October 31, 2011

Obesity and depression independently increase health costs

Even without depression, obesity  raises health costs in Group Health study

Seattle, WA—Obesity and depression both dramatically increase health care costs, but they mainly  act separately, according to a study published in the November 2011 Journal of General Internal  Medicine by Group Health Research Institute scientists. Gregory Simon, MD, MPH, a Group Health psychiatrist and Group Health Research  Institute senior investigator, led the research.

“Previous research shows that both depression and obesity are associated with higher health care costs,” he said. “But depression and obesity often occur  together, so it was important to know if the relationship between obesity and  cost is really due to depression—or vice versa.”

Simon and his colleagues tested  whether depression confounds the increase in health care use that is associated  with obesity. Confounding means an apparent connection—such as the link between  increased health care costs and obesity—is influenced or even caused by a third factor. In this study, the authors tested if depression confounds the increase in health care seen in obese patients.

The study used telephone interviews to determine obesity and depression, and Group Health’s extensive medical records to calculate health care costs for 4,462 women aged 40–65. All were enrolled in Group Health Cooperative, a nonprofit health care system in Washington and northern Idaho. Obesity was measured as body mass  index (BMI), a standard obesity measure that is calculated from height and weight.  A BMI below 25 is considered normal weight, 25-30 considered overweight, and over 30 is considered obese. Depression was measured with a 9-item American  Psychiatric Association questionnaire.

The researchers found:

  • In middle-aged women, health care costs increased  with obesity. Specifically, costs increased 65 percent in women with a BMI of 30-35, and 157 percent in women with a BMI higher than 35, compared to women of  normal weight.
  • The trend was similar for all types of health care that the researchers examined: primary care, outpatient prescriptions, specialist  visits, inpatient care, and mental health care.
  • Health care costs increased with higher depression scores, but depression was a not a major confounder of the obesity results.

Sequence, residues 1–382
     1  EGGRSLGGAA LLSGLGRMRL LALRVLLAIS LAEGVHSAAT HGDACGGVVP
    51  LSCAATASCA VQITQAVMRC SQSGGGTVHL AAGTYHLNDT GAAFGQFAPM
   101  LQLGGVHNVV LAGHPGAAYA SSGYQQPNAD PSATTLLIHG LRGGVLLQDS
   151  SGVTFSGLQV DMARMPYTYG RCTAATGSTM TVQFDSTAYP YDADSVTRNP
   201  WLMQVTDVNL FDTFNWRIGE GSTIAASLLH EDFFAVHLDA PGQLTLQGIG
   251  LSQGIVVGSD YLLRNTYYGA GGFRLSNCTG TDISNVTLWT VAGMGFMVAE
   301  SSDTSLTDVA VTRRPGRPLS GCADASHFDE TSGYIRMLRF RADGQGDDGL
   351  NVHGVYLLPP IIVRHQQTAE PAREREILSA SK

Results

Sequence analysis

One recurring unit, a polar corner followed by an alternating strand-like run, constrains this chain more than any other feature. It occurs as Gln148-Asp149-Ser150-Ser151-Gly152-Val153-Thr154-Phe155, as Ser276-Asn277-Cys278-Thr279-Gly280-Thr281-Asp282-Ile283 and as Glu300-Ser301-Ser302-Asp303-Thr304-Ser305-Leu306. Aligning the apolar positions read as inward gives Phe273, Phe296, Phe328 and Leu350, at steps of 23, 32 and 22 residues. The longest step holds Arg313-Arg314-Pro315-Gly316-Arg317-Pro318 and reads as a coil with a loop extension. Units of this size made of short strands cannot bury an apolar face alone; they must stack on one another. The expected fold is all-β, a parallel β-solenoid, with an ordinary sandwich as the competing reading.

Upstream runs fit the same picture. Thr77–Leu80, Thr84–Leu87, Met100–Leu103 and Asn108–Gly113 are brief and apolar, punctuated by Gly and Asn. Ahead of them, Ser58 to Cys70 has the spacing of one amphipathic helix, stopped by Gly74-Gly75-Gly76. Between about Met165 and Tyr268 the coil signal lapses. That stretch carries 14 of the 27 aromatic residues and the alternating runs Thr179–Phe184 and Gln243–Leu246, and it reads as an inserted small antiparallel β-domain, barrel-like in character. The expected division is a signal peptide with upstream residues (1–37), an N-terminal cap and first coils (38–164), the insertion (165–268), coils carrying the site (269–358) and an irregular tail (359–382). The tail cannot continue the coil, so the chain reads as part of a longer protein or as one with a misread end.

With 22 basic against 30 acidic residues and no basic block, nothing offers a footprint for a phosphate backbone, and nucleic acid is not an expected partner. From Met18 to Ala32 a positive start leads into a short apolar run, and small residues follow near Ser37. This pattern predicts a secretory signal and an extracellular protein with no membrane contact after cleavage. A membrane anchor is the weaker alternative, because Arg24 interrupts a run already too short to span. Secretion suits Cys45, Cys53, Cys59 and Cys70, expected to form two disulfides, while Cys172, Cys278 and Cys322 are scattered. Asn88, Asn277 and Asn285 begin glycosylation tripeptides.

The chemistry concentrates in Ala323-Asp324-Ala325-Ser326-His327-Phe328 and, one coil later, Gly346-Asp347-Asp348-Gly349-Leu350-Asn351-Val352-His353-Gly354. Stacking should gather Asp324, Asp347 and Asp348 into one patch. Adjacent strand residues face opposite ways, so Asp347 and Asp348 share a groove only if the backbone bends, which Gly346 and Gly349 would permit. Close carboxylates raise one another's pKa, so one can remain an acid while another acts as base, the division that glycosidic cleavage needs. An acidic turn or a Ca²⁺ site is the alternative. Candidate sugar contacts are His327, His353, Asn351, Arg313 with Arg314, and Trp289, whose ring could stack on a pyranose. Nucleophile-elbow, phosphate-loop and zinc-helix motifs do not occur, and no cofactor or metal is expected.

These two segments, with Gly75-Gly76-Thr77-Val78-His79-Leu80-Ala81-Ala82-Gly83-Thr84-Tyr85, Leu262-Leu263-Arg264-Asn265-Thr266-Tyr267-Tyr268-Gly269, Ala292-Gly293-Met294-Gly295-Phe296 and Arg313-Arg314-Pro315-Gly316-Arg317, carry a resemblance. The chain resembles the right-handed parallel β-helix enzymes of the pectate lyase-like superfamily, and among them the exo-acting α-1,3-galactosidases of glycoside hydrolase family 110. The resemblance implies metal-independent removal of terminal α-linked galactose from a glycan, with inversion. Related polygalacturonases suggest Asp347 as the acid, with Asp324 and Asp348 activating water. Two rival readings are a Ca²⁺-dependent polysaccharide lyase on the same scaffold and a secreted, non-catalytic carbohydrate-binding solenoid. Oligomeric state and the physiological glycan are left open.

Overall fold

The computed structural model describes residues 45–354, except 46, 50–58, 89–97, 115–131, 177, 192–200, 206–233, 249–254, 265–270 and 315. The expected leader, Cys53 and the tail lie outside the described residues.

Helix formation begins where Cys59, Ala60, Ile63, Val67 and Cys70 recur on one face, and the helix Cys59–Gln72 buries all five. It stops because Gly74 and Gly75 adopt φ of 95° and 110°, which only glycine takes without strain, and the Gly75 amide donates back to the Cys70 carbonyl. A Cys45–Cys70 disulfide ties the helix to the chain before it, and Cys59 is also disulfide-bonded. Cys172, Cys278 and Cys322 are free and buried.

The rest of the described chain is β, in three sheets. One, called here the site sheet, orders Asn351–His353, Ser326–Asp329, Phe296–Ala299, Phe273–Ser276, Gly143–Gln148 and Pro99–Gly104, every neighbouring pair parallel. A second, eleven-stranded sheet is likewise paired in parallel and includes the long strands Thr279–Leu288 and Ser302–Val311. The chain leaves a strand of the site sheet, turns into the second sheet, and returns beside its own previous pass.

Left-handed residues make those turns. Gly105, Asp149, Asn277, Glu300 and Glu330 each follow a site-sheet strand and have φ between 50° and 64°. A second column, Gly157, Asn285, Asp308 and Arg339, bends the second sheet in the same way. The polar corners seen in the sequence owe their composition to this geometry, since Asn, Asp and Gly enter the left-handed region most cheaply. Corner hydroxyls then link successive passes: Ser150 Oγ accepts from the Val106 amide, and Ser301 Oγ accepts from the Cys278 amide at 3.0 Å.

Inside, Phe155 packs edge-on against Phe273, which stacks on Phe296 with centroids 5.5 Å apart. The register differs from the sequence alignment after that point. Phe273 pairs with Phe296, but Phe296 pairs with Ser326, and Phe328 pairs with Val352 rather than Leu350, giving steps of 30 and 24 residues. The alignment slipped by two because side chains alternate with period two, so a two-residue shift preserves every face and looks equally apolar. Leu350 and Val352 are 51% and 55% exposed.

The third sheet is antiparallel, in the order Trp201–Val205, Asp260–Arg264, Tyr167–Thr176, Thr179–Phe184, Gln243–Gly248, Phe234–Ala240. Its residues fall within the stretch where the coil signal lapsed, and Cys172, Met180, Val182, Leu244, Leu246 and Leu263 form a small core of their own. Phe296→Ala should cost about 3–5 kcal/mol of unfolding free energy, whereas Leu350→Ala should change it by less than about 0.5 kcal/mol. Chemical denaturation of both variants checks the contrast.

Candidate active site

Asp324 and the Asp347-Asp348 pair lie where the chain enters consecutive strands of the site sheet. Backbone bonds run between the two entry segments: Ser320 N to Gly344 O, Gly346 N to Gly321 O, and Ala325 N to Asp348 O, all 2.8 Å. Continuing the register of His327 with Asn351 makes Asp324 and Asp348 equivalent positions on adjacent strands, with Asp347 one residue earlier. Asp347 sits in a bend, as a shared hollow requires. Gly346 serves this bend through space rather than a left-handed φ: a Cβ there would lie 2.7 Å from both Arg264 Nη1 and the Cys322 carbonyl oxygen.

• Even accounting for depression, health costs increased with every rise in BMI category.

The study concluded that in this population of women, obesity is associated with higher health care costs, but not because of co-occurring depression. Similarly, depression is associated  with higher costs, but not because of co-occurring obesity. These higher costs have an economic impact. Increased costs associated with depression were  spread across all types of health care, not just mental health care.

“Obesity and depression are  both very common,” Dr. Simon said, “so the increased costs we find  add up to a very large amount in the general population.” The  relationships among obesity, depression, and chronic illness related to obesity are complex, as are the effects of depression on behavior and health. But one thing is clear, the study’s authors said: Effective obesity prevention is a crucial factor in tackling our rising health care costs.

The National Institute of Mental  Health funded the work.

Dr. Simon’s co-authors were David  Arterburn, MD, MPH, Evette  J. Ludman, PhD, and Belinda H. Operskalski, MPH, of Group Health Research  Institute; Paul Rohde, PhD, of Oregon Research Institute, in Eugene, OR; and  Jennifer A. Linde, PhD, and Robert W. Jeffery, PhD, of the Division of  Epidemiology and Community Health at the University of Minnesota School of  Public Health, in Minneapolis. 

Journal of General Internal Medicine

Journal of  General Internal Medicine is the official journal of the Society of General Internal Medicine. It promotes improved patient care, research, and education in primary care, general  internal medicine, and hospital medicine. Its articles focus on topics such as  clinical medicine, epidemiology, prevention, health care delivery, curriculum development, and numerous other non-traditional themes, in addition to classic clinical research on problems in internal medicine.

About Kaiser Permanente

Kaiser Permanente is committed to helping shape the future of health care. We are recognized as one of America’s leading health care providers and not-for-profit health plans. Founded in 1945, Kaiser Permanente has a mission to provide high-quality, affordable health care services and to improve the health of our members and the communities we serve. We currently serve more than 12.4 million members in eight states and the District of Columbia. Care for members and patients is focused on their total health and guided by their personal Permanente Medical Group physicians, specialists and team of caregivers. Our expert and caring medical teams are empowered and supported by industry-leading technology advances and tools for health promotion, disease prevention, state-of-the-art care delivery and world-class chronic disease management. Kaiser Permanente is dedicated to care innovations, clinical research, health education and the support of community health. For more information, go to: kp.org/share.

David E. Arterburn, MD, MPH

Senior Investigator
Kaiser Permanente Washington Health Research Institute


Media contact

For more on Kaiser Permanente Washington Health Research Institute news, please contact:

Amelia Apfel


(425) 507-5455
After-hours media line: (206) 287-2055

page-twitter-icon.png @KPWaResearch